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Foundation for Ecological Security, Anand, Gujarat and National Law School of India University, Bangalore

THEME: Legal Liberation of Commons

Variously described as Common Pool Resources, "Common Property Resources", "Common Lands", "Open Ground" etc; "Commons" have been an important and inseparable part of humanity. They have been life support systems and have impacted various cultures, traditions, organizations and environments. They are essential for the livelihood requirements of the poor to be met. It is common knowledge that "Commons" are of ecological, social, cultural, religious, sporting and recreational value. There is ample literature on the subject in many of these fields. It is significant to note that Professor Elinor Ostrom, a political scientist, won the Nobel Prize this year for her work on the subject. It is no less significant that she is the first woman to have achieved this distinction in the Economic discipline.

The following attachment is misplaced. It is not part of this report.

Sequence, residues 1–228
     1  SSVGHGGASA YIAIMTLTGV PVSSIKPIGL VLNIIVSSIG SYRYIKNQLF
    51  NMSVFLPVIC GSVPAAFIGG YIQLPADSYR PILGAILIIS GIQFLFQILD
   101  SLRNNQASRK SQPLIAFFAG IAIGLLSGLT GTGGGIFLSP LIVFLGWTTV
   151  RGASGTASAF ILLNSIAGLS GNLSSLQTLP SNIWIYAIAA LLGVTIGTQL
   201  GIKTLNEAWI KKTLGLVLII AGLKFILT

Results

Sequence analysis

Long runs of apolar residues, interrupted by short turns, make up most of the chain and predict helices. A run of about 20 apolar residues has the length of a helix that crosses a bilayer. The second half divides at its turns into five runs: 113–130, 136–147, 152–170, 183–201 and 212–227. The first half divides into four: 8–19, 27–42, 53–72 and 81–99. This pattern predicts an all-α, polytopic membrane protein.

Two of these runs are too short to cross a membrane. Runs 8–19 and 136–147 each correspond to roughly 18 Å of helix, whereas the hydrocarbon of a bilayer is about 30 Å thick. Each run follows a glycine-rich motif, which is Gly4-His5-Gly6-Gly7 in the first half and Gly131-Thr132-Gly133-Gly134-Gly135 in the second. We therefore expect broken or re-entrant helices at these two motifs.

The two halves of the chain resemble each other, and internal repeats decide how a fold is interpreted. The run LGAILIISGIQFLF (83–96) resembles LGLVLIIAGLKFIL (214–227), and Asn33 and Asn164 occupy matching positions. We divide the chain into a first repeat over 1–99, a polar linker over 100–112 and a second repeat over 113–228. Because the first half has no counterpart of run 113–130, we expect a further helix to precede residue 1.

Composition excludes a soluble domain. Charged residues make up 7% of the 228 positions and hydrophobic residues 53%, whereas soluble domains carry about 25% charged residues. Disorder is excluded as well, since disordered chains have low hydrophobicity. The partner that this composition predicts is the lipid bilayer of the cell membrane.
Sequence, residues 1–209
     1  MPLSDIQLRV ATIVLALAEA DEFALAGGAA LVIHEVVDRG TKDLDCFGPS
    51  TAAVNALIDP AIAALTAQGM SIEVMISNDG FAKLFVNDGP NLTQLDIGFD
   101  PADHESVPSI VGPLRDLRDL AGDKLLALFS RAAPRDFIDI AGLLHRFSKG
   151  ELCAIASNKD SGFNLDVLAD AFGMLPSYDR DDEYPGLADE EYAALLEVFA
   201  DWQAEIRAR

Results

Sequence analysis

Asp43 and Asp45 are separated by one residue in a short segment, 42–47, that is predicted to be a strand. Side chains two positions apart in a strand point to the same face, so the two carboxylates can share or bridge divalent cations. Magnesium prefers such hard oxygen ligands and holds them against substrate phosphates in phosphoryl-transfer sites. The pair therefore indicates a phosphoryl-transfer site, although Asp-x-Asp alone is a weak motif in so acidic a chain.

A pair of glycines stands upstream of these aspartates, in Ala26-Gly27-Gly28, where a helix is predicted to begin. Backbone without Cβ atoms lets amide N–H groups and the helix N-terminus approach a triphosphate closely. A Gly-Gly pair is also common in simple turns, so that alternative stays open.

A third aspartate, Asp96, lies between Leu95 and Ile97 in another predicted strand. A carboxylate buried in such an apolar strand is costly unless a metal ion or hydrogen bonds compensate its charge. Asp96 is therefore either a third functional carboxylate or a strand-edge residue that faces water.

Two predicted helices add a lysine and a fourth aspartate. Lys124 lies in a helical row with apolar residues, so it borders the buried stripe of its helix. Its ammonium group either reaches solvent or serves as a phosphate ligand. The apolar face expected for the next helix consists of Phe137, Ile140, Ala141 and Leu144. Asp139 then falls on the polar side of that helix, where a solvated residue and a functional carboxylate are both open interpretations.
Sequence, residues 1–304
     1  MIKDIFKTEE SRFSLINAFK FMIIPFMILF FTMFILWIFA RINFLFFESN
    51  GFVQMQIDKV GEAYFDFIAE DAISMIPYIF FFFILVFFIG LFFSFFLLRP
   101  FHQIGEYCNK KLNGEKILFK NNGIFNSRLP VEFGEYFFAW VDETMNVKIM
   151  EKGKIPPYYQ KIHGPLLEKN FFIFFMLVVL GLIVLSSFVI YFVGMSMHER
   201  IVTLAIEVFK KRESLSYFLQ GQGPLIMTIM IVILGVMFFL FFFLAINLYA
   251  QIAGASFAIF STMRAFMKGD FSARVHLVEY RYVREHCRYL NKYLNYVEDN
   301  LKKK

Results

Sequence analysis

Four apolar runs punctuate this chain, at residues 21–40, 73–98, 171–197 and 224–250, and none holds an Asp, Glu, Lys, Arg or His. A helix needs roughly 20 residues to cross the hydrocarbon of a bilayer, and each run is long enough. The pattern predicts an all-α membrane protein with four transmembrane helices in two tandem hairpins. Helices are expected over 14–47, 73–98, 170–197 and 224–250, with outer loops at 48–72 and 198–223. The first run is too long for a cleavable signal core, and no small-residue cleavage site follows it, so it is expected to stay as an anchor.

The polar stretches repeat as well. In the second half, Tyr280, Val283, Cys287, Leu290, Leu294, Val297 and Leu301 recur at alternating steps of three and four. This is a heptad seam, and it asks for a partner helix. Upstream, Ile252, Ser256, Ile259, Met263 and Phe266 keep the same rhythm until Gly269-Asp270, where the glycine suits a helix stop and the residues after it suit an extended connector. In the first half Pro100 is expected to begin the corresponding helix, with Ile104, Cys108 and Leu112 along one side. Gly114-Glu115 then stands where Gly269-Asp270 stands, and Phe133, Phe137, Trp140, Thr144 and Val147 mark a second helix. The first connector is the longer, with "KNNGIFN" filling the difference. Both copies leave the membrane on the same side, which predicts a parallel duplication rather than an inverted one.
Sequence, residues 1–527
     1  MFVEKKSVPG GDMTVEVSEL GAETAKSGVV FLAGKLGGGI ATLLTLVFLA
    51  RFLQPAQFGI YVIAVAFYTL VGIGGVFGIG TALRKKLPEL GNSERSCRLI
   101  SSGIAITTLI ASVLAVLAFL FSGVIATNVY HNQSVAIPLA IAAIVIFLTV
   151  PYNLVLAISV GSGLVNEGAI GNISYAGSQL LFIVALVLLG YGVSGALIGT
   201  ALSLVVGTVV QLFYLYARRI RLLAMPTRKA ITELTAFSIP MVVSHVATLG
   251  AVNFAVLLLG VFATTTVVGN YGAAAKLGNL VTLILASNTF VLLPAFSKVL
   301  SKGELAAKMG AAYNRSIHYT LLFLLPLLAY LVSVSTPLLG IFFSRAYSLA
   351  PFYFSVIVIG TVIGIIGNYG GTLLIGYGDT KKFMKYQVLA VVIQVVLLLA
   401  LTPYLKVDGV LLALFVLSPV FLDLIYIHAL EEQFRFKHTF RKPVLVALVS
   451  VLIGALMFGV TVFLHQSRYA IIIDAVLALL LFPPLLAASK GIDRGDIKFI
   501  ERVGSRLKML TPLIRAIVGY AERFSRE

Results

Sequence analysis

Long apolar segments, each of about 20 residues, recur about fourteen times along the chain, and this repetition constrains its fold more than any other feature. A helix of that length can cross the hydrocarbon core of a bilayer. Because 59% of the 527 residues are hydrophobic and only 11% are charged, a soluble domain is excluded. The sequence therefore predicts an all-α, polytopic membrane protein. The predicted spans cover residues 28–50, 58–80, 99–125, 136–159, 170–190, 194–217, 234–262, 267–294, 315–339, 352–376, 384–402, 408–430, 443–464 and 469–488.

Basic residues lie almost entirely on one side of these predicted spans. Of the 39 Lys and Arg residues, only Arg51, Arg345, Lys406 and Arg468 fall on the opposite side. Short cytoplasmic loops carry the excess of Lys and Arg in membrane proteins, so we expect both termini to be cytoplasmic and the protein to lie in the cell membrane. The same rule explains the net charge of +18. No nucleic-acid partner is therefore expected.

It is however ironical that "Commons" have seldom appeared in the mainstream discourse (with perhaps the exception of Hugo Grotius referring to the sea as "the common heritage of mankind" well over five centuries ago). The common law tradition, of which India is a part, rooted in eminent domain and private property rights, has hardly any space for them. Commons are uncommon in administrative practice and legal discourse. It is a greater irony that while Indian tradition (and in most other countries as well) offer a place of pride to them, the legal ordering pays scant regard for them.